Tech Beat: Annual Toy Fair bursting with scientific fun
This year's American International Toy Fair featured some innovations that are so equally fun and educational it may be hard to figure out whether kids or their parents will be the first ones in line. Adam Balkin filed the following report.
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This week at the Javits Center in Manhattan there's loads of stuff kids will want just for fun, and loads of stuff parents will want their kids to have for learning. It's all part of the 110th annual American International Toy Fair which, of course, has lots of great middle grounders that both kids and parents will likely agree upon like Crayola's Marker Maker kit out later this year. Kids will like making their own markers from scratch, parents will like the process which is like a beginner's guide to chemistry.
"It lets kids experiment with colors and follow their own recipe guides to create their own custom colors using Crayola inks and marker parts that come together to create a customized marker," explains Faith Strucko of Crayola.
Popar Toys, which makes books with augmented reality so that you can point your mobile device at the page to make it digitally come alive, will start selling in a couple months puzzles with augmented reality and AR maps of the world and the solar system.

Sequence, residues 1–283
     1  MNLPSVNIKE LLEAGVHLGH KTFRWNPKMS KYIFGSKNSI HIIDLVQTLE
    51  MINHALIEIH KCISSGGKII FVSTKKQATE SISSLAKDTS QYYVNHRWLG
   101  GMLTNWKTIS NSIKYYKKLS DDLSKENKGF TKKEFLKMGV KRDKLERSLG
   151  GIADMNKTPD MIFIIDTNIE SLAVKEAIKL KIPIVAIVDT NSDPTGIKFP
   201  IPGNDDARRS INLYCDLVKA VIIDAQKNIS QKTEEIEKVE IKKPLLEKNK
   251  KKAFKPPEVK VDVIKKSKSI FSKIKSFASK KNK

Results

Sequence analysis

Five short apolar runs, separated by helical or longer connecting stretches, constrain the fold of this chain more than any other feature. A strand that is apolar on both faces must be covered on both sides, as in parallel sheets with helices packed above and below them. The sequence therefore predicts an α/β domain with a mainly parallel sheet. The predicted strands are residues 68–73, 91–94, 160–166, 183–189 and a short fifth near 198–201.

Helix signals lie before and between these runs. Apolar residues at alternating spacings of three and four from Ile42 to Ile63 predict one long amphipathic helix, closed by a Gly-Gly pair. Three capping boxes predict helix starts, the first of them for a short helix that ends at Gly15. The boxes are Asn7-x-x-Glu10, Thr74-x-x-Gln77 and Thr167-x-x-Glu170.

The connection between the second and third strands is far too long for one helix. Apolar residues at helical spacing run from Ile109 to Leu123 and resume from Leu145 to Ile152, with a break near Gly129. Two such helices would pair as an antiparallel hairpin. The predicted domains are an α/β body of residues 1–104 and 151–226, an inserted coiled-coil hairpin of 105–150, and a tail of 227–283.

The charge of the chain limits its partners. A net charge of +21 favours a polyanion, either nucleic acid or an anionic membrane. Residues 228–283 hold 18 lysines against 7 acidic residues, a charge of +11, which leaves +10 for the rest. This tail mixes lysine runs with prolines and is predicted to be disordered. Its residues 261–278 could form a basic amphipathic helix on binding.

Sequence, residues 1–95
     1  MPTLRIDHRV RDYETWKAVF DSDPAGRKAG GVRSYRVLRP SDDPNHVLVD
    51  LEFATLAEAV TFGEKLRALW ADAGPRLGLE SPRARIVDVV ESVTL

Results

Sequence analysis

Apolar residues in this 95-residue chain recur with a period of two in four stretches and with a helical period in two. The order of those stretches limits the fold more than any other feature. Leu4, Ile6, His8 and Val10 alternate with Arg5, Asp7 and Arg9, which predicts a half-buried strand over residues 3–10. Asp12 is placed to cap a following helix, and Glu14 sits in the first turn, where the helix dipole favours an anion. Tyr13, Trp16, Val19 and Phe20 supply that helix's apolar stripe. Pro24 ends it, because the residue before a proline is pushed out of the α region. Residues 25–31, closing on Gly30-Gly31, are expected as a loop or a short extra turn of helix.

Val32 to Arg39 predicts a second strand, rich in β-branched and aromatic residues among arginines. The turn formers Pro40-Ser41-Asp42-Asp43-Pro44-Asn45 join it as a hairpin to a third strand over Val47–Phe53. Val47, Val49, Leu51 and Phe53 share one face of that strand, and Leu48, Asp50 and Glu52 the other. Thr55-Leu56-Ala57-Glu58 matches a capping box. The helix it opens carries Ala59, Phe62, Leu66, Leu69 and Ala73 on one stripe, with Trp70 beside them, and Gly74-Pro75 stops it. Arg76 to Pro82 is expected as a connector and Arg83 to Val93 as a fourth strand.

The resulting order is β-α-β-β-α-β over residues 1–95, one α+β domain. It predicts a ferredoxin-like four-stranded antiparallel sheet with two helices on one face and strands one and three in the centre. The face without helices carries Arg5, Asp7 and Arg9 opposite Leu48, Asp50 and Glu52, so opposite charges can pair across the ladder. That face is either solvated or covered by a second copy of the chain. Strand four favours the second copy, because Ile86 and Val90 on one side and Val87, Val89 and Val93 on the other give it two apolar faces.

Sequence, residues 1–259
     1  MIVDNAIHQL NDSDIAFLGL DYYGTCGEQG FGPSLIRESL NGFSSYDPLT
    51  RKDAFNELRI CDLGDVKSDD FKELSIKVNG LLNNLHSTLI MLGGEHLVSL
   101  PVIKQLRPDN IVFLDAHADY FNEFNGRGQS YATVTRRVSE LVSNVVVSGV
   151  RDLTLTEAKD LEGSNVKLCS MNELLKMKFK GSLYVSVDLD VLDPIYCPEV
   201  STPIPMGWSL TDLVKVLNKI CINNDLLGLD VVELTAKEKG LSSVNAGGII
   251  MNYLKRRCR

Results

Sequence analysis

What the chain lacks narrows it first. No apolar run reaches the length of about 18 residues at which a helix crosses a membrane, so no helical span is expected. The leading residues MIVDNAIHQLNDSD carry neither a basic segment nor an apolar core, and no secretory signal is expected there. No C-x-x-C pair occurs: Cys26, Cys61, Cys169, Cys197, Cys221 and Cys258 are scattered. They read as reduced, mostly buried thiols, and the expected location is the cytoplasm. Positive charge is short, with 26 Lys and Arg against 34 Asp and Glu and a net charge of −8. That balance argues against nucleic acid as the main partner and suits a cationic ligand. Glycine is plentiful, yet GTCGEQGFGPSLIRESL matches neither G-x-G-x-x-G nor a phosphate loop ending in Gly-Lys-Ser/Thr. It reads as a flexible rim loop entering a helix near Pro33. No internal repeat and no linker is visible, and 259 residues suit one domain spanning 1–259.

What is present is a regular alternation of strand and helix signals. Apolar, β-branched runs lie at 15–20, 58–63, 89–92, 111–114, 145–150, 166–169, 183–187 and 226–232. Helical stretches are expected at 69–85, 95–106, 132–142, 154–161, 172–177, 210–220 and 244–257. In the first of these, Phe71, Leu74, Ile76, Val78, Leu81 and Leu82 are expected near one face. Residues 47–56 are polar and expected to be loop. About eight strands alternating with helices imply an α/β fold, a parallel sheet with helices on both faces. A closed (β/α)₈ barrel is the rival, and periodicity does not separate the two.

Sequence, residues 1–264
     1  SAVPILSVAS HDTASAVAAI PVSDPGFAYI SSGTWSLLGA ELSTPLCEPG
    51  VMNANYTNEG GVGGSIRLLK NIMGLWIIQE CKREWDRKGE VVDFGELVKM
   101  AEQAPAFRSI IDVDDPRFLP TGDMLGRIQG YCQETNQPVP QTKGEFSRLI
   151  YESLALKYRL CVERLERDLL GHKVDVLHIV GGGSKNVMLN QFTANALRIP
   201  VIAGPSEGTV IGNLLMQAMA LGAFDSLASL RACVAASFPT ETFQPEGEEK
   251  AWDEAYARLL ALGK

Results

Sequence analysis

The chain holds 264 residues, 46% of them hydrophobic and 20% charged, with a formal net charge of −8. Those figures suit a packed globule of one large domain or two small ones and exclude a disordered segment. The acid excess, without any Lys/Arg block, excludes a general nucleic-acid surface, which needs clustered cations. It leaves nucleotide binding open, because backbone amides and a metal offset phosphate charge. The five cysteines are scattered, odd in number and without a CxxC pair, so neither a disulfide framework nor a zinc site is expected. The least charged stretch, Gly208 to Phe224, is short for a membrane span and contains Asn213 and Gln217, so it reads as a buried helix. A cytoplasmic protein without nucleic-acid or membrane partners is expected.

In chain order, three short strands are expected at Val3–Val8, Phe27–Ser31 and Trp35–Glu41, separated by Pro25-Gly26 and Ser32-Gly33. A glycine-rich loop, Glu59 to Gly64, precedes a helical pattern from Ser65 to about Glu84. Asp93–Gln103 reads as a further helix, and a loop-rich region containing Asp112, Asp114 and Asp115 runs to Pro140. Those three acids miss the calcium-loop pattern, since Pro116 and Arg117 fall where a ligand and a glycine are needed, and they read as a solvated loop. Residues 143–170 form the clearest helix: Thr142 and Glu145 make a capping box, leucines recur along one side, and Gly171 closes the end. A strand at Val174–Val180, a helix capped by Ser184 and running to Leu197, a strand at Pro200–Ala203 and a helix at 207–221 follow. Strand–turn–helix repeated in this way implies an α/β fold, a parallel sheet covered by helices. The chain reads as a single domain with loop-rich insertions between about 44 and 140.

"It's a seek and find so it actually asks you questions so you learn about solar systems, you learn about star clusters, you learn about each individual planet and their probes such as the Magellan space probe or the Destroyer probe," says Robert Siddell of Popar Toys.
And finally, you might think it's a bit of a stretch to have kids learn about science by having them play with bubbles but chances are they've never played with Epic Bubbles.
Out this summer from Be Amazing Toys, Epic Bubbles are clear or if you supply the dry ice you can fill the bubbles with smoke. The secret though is actually in a fancy glove you wear.
"It's a regular bubble and regular dish soap. It's just the fact that the bubble is not touching any type of oil or dirt on your hands when before could you ever squeeze a bubble like this, here we go we'll recycle which makes it kinda fun," explains Steve Spangler of Be Amazing Toys.
The same folks are also allowing kids, through lesson in physics, to make square bubbles.